Yes we can!

Alternative views on the modification of canine behaviour

April 13, 2009

Animal Care College – caring for people caring for animals

As many of you will know, the Kennel Club has been developing an accreditation scheme for dog trainers and behaviourists for over two years.The scheme is excellent and comprehensive although it would be fair to say that is progress has not always been smooth and some feel it is much more complicated than it need be.I am not one of them – the accreditation of standards in any field is complex almost by definition – and I feel that those tasked with creating this award have done an excellent job and the first half dozen candidates have just been awarded their certification.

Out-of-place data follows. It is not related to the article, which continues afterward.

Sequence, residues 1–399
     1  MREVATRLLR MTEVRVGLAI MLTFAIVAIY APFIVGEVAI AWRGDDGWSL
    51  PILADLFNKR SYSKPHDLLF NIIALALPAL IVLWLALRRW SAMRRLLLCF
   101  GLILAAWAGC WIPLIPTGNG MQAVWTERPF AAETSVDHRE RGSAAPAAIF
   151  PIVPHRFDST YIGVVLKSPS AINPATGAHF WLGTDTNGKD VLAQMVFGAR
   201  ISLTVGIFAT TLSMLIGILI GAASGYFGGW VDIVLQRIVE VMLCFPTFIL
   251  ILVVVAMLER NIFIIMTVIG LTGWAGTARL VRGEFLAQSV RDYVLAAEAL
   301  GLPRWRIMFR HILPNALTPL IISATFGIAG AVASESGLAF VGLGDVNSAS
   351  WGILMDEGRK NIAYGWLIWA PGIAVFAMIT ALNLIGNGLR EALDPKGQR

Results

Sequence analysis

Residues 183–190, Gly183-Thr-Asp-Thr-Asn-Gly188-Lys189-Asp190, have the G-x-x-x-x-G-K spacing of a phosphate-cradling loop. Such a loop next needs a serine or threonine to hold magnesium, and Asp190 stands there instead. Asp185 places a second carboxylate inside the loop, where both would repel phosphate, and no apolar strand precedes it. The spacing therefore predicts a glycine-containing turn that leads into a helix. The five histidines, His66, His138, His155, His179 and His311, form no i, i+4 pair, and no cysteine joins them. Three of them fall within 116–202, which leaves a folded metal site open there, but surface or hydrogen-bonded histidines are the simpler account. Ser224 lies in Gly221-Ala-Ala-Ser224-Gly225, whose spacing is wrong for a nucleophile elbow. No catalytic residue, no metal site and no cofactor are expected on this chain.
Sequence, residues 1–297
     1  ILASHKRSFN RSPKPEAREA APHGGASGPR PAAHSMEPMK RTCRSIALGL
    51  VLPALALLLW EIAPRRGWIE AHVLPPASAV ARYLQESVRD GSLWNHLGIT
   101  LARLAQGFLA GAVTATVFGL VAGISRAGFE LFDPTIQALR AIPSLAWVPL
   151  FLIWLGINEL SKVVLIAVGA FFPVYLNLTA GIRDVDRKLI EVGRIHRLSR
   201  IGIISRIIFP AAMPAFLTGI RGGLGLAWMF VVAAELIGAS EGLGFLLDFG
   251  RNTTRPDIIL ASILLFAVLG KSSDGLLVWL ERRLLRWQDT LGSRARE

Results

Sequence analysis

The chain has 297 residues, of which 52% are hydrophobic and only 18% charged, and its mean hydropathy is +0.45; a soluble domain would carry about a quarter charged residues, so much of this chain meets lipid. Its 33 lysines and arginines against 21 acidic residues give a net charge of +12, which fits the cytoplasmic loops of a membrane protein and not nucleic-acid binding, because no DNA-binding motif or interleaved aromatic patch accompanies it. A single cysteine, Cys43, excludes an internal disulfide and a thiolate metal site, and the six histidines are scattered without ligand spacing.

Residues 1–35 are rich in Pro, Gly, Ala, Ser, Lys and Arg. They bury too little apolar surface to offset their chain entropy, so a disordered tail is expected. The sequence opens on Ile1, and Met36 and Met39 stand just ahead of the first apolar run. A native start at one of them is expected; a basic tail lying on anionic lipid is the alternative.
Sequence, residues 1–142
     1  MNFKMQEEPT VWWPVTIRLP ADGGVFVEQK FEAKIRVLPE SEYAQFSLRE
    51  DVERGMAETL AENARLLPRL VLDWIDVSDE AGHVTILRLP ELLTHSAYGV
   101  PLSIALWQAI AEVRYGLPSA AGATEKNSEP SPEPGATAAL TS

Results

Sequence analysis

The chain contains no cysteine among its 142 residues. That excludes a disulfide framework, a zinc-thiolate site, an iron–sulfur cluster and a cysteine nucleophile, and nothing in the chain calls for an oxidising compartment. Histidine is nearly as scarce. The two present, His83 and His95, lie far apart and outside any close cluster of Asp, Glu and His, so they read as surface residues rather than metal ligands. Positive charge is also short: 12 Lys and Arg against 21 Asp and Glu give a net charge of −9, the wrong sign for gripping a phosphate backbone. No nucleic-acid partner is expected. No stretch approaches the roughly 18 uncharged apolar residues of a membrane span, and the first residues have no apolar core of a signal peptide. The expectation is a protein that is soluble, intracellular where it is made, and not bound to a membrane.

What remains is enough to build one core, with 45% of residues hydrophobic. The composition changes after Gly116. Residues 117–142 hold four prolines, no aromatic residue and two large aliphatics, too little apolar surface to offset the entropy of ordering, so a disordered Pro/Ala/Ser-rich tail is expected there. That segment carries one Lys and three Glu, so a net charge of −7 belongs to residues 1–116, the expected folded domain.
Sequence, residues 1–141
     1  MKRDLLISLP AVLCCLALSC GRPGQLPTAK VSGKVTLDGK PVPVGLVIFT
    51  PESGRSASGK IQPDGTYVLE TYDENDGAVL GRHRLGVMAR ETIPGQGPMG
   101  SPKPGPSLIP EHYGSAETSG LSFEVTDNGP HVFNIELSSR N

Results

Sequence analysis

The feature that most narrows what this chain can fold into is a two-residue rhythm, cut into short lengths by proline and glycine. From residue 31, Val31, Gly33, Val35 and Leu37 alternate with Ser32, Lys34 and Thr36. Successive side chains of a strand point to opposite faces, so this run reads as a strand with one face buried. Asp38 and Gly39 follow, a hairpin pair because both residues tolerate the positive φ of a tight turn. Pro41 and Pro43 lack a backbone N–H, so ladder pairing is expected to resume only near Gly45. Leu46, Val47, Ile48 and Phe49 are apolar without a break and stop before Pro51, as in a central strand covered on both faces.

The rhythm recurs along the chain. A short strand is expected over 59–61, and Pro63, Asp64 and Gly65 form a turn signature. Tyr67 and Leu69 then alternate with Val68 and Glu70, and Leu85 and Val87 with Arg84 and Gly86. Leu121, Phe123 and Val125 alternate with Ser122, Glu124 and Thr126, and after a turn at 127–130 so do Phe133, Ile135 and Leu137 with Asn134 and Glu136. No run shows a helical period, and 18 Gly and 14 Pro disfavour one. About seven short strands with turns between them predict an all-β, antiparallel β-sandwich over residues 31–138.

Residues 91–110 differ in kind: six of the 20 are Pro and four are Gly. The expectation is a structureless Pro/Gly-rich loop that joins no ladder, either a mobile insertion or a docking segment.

However, there are two issues that have to be addressed.The first appears to be almost solving itself in an entirely unexpected way.It is the question of how dogs are best trained or their behaviour modified.The problems have really arisen because I believe a false dichotomy that been created by the learning processes suggested by some (I emphasise ‘some’) research questioning pack theory.  I am not disputing the findings per se because it shows an evolution in the way in which dogs behave that sounds reasonable and has been successfully demonstrated by many trainers.However, I am saying that other research does not back it up – sometimes partially and sometime completely.  If you go to http://www.anglianwolf.com and click on ‘what is applied canine behaviour’, you will find what I think is a reasonable summary of the ‘old’ perception.